BATTLE LINES are being drawn among accounting firms keen to carve out their own potentially lucrative share of Britain’s burgeoning market for early-stage technology companies.
Big Four giant KPMG recently announced it is willing to plough £75m worth of investments into the sector, albeit on a global basis, having already set up an office in London’s burgeoning Tech City. While last year Beever and Struthers made a foray into the area when it merged with specialist media, digital and technology business, The Company Books, to create a 30-person London office.
According to Justin Randall, partner at Jeffreys Henry, the firm is benefiting from early entry into the market. Randall and colleague Jon Isaacs have spent the last four years building the firm’s presence with tech and digital businesses in Tech City, the UK’s equivalent to Silicon Valley. However, its involvement with early stage tech companies pre-dates that.
In the dotcom boom JH was “very active” in advising companies and raising funds. By happy coincidence the firm’s office, which has been near Old Street roundabout for over 25 years, is now at the “epicentre” of Tech City’s “buzzing” scene.
Indeed, according to UHY Hacker Young, over 15,720 new businesses were set up in the EC1V ‘Silicon Roundabout’ area between March 2012 & March 2013. The attraction to firms big and small is clear – while some of the businesses will shrivel and die, there is an opportunity to get involved with some tantalising growth rates.
“Over the last two years we have seen other firms try and establish a presence here. They take a desk in a service office and claim they are in Tech City. Ultimately people don’t buy into that,” Randall says.
Randall explains that the firm has been able to build a good relationship with companies wishing to raise finance through the Seed Enterprise Investment Scheme (SEIS), set up in April 2012 to help small early-stage companies raise finance by offering a range of attractive tax reliefs to investors because of its “proximity” to the market.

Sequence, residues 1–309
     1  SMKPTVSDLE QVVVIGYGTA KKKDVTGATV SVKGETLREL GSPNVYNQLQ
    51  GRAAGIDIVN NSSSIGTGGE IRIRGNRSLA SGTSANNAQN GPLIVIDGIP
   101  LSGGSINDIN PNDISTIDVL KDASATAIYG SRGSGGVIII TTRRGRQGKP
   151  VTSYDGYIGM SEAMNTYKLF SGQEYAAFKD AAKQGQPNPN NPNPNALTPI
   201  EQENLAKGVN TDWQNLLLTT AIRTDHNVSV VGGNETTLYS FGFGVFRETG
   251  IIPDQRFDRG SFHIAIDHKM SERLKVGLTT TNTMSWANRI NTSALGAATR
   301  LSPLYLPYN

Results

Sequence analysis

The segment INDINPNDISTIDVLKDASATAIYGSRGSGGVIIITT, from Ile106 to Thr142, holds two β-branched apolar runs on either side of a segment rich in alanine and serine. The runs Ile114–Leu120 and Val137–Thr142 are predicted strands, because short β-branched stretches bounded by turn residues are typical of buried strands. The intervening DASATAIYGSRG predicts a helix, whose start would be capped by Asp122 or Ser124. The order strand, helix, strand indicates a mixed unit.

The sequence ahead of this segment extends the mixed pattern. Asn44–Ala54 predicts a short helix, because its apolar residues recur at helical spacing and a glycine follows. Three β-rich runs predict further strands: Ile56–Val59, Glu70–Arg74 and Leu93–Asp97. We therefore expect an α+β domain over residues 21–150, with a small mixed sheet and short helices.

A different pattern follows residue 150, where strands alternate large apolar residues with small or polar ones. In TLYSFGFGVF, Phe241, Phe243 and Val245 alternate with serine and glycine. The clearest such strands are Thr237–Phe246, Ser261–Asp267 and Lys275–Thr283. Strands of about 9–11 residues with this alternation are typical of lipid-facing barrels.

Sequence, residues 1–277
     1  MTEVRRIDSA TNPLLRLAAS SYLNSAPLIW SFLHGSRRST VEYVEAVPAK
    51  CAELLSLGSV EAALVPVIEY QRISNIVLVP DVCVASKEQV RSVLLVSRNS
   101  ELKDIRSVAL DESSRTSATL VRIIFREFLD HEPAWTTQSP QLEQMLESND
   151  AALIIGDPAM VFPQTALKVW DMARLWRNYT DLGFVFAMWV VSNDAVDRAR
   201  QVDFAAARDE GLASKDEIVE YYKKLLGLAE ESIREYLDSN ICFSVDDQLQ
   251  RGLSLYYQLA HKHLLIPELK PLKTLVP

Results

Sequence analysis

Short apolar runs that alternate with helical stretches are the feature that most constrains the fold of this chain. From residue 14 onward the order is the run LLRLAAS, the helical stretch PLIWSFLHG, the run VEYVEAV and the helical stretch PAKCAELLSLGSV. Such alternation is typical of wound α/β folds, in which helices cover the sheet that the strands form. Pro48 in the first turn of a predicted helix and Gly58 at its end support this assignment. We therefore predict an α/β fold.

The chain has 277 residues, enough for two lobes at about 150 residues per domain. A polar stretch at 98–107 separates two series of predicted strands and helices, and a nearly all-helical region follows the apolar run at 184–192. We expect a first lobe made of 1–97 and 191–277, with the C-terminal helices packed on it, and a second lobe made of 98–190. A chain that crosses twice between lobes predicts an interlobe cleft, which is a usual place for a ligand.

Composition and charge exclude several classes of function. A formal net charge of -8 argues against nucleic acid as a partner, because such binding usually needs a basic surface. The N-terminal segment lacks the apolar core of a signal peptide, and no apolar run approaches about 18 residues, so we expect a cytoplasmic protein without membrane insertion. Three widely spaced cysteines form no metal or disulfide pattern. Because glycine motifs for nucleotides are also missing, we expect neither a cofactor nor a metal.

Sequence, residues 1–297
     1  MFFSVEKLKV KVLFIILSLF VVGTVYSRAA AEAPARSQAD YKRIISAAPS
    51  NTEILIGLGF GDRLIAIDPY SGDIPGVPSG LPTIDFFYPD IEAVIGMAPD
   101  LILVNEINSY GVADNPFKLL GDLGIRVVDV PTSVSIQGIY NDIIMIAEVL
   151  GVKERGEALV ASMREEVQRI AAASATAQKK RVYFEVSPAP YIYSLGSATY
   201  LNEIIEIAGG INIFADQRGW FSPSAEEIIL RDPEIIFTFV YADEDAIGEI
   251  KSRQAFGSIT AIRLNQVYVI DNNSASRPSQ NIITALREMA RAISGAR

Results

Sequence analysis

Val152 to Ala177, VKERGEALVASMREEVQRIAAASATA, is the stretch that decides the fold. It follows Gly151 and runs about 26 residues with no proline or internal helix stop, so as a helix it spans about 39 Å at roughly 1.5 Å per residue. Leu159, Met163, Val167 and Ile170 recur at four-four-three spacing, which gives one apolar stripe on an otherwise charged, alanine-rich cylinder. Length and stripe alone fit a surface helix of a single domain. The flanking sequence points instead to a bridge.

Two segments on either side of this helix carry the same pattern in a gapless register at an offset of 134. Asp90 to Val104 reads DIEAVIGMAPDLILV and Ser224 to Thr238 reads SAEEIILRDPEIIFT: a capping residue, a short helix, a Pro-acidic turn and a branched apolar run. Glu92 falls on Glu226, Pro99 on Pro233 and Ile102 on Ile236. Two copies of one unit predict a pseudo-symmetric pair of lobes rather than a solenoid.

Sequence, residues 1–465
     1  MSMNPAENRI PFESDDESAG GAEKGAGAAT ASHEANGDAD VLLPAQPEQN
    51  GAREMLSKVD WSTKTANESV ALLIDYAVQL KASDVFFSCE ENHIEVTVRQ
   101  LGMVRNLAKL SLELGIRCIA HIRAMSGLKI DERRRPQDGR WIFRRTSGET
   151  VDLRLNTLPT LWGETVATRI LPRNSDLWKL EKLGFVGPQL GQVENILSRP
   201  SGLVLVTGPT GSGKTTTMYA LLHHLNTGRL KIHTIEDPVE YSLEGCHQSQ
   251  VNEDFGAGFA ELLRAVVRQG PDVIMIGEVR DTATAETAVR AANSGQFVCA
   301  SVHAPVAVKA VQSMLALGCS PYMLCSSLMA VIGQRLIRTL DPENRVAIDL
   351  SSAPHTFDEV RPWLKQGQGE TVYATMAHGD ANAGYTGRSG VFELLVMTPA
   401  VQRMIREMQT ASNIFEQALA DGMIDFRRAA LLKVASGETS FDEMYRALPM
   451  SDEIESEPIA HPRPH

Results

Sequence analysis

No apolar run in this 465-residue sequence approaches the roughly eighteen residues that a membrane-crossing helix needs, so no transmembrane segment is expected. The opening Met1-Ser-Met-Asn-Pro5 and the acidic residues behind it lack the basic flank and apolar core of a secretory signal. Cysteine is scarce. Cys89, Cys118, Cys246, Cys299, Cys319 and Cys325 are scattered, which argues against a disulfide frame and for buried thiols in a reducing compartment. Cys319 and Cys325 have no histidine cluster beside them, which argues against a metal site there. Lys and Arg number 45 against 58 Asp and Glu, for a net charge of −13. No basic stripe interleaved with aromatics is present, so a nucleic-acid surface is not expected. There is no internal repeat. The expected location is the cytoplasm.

But location is not enough. To be successful, Randall says, accountants have to be part of the “ecosystem” by attending networking events, running seminars and getting in at the “ground level” with start-ups. For instance, Jeffreys Henry has built strong links with business accelerators such as Telefonica’s Wayra UK, which provides up to €40,000 (£33,218) in start-up capital.
“Some of these businesses are very much at the ideas stage,” says Randall. This offers firms like Jeffreys Henry an opportunity to provide advice on accounting, tax and financial matters including SEIS, EIS and Patent Box – as well as guidance on funding options and future exit strategies.
Randall also says it is worth playing the long game when deciding when to start charging for advice. For a limited time, the firm provided free company formation and initial finance/accounting/tax advice to local technology and digital start-ups. “You can’t expect to spend time building a relationship with entrepreneurs and then send them a bill for it,” says Randall.
Nevertheless, the strategy has proved successful; in the past four years Jeffreys Henry has picked up over 100 fast growth tech clients generating a fee income in excess of £1m.
That growth has seen the firm’s business support team expand 25% over the last year, with additional staff providing tax advice on reliefs to the creative sector, R&D tax credits and Patent Box and others advising on raising finance through SEIS.
But what does Randall make of accounting giants such as KPMG bulling their way into the market? Ultimately, he doesn’t see them as competitors. “I don’t consider myself to be in the same business as them. They are not set up to deal with tech businesses at our level.”
Jeffries Henry in numbers
Top 50 ranking: 82
UK fee income: £5.5m
UK offices: 1
UK partners: 8
Bluffers guide: The firm, established in 1880, created the international network Jeffreys Henry International more than 30 years ago and is available in more than 55 countries. The firm ranked 11th in the country for AIM clients in the Q1 2014 Adviser Rankings table
Justin Randall CV
1994- Present Jeffreys Henry as one of four equity partners
1992 -1994 Senior manager
1990 -1992 Manager at Leigh Carr
1986 1990 Trainee at Leigh Carr
A crisis always gives advisers plenty to do - but there are questions as to whether Brexit will give them the lucrative work they desire
Given the events of the past week as we enter new territory our SMEs now more than ever need the support of their accountants, writes Bobby Lane
Top Ten firm Smith & Williamson have appointed Russel Cook as a director of its corporate finance team
The FRC says it best when it says nothing at all